Latest Research on endometrial cancer : Jan 2022

Endometrial Cancer

The epidemiology, prevention, diagnosis, treatment, prognosis, and new International Federation of Gynecology and Obstetrics staging system of endometrial carcinoma are reviewed. Endometrial cancer has increased 21% in incidence since 2008, and the death rate has increased more than 100% over the past two decades. Precursor lesions of complex hyperplasia with atypia are associated with an endometrial carcinoma in more than 40% of cases. Endometrial cancer in white women occurs at twice the incidence as in black women, but, stage for stage, black women have a less favorable prognosis. Preoperative imaging cannot accurately assess lymph node involvement. Gross examination of depth of myometrial invasion does not have the sensitivity, specificity, positive predictive value, or negative predictive value to select women who can have lymphadenectomy safely omitted from the surgical procedure. Although surgical staging remains the most accurate method of determining the extent of disease, the therapeutic value of pelvic lymphadenectomy has not been established. The anatomical extent of lymphadenectomy and the number of lymph nodes removed to establish prognostic and therapeutic benefit are controversial. Research efforts are directed at identifying women with early stage endometrial cancer who only require total hysterectomy and bilateral salpingo-oophorectomy. Minimally invasive surgical techniques have become established as standard therapy for treating women with endometrial cancer. Women with a family history of hereditary nonpolyposis colorectal cancer are at increased risk for endometrial cancer. Conservative treatment to allow for childbearing is possible in select situations. Women with endometrial cancer should be managed by physicians experienced in the complex multimodality treatment of this disease.[1]

The epidemiology of endometrial cancer

The descriptive and analytical epidemiology of endometrial cancer is reviewed. Over the last few decades, age-standardized incidence rates have been rising in several countries. The rise has been even greater in terms of absolute numbers of cases, and hence public health implications, due to the aging of the population. Although endometrial cancer rates were found to be higher in richer countries and urban populations, there is now evidence of some changes in the socioeconomic determinants of the disease in developed countries. In etiological terms, any factor that increases exposure to unopposed estrogens (such as menopausal replacement treatment, obesity, and irregular menstrual cycles) tends to increase the risk of the disease, while factors that decrease exposure to estrogens or increase progesterone levels (such as oral contraceptives or smoking) tend to be protective. Less well defined, or more difficult to explain in biological terms, is the role of other factors, such as births, miscarriages, or diabetes and hypertension, and only suggestive evidence is available on diet from analytical epidemiology. The data reviewed herein are discussed in terms of models of carcinogenesis, as well as attributable risks and public health implications.[2]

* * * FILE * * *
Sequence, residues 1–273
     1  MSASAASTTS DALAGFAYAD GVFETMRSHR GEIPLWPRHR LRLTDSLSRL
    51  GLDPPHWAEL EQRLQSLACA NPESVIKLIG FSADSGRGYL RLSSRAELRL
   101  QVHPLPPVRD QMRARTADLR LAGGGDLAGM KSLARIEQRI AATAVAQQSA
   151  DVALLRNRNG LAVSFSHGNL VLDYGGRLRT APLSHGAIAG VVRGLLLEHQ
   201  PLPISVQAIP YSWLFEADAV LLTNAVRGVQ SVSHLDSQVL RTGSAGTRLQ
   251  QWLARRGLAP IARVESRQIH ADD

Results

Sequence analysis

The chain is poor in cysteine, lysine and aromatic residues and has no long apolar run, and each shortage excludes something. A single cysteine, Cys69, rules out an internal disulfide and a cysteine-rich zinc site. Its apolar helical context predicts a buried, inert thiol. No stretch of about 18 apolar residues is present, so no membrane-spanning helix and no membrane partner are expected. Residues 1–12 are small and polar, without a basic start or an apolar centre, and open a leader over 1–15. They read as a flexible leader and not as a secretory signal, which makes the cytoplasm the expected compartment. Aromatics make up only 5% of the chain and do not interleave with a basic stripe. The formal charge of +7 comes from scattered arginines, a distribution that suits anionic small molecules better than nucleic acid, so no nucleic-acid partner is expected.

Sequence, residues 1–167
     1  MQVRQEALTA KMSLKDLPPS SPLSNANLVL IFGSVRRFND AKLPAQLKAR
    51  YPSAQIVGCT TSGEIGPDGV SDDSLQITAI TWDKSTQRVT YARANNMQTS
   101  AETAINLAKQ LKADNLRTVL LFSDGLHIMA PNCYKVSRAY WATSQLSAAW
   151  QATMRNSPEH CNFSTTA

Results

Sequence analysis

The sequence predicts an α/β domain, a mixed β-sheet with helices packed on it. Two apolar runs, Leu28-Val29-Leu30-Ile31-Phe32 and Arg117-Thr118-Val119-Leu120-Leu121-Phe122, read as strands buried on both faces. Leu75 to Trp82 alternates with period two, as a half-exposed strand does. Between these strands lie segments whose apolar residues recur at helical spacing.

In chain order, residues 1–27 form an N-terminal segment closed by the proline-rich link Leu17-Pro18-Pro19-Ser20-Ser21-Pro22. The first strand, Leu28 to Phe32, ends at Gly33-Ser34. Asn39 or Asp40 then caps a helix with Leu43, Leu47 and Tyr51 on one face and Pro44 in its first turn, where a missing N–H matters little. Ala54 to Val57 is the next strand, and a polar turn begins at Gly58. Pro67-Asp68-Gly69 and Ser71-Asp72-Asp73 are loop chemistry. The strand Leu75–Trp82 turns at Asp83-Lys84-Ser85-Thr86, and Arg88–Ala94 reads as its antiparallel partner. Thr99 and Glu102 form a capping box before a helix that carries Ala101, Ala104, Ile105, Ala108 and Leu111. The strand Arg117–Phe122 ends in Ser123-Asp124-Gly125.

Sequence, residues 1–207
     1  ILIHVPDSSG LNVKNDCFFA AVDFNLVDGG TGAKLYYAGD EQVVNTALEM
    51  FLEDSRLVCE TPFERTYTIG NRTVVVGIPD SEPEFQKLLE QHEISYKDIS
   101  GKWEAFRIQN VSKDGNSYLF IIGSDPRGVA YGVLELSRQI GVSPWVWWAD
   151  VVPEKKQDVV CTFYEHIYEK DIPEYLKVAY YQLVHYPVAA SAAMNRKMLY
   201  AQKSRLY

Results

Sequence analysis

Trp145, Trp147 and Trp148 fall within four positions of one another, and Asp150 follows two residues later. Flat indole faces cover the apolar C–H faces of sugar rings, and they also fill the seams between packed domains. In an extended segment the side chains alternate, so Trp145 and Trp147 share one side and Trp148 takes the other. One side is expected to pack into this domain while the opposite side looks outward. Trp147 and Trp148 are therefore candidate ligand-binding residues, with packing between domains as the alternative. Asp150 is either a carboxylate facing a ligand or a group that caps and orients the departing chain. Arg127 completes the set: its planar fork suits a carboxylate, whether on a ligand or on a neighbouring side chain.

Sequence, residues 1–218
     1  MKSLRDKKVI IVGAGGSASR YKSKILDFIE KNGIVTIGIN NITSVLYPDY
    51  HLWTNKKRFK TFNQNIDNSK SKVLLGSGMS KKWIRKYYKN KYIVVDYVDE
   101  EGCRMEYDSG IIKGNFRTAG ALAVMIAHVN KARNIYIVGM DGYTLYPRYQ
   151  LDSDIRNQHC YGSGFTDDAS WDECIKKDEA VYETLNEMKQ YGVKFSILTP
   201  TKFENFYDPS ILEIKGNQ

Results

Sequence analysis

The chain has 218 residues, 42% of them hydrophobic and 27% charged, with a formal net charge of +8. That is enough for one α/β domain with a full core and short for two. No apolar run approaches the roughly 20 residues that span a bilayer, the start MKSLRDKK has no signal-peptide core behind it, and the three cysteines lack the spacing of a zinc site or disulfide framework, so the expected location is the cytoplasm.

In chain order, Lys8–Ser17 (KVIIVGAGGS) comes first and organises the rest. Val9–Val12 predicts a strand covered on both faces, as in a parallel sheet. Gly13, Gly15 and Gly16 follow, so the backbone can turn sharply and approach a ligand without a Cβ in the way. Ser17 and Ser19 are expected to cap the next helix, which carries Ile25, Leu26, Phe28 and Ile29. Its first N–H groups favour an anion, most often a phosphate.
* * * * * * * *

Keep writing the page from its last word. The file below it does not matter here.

Epidemiology of endometrial cancer

Endometrial cancer is the commonest gynaecological cancer mostly affecting women in the post-menopausal age group. Rates vary worldwide and are highest in white women in Western populations. Some risk factors are related to reproduction, such as early age at menarche, late age at menopause and nulliparity, while others are more directly oestrogen-related, for example, conditions such as the polycystic ovarian syndrome. Use of unopposed oestrogen replacement therapy is associated with an increased risk, and use of the combined oral contraceptive pill is associated with a decreased risk. The relationship between tamoxifen and endometrial cancer is not established. Obesity, diabetes and hypertension increase the risk of endometrial cancer while smoking, low-fat diets and physical exercise appear to decrease the risk; all of these possibly exert their effects by various indirect influences on oestrogen levels, thus influencing the level of stimulation of the target endometrial epithelium.[3]

Role of Diffusion Weighted Magnetic Resonance Imaging at 3-T in Staging of Endometrial Cancer and Correlation to Histopathology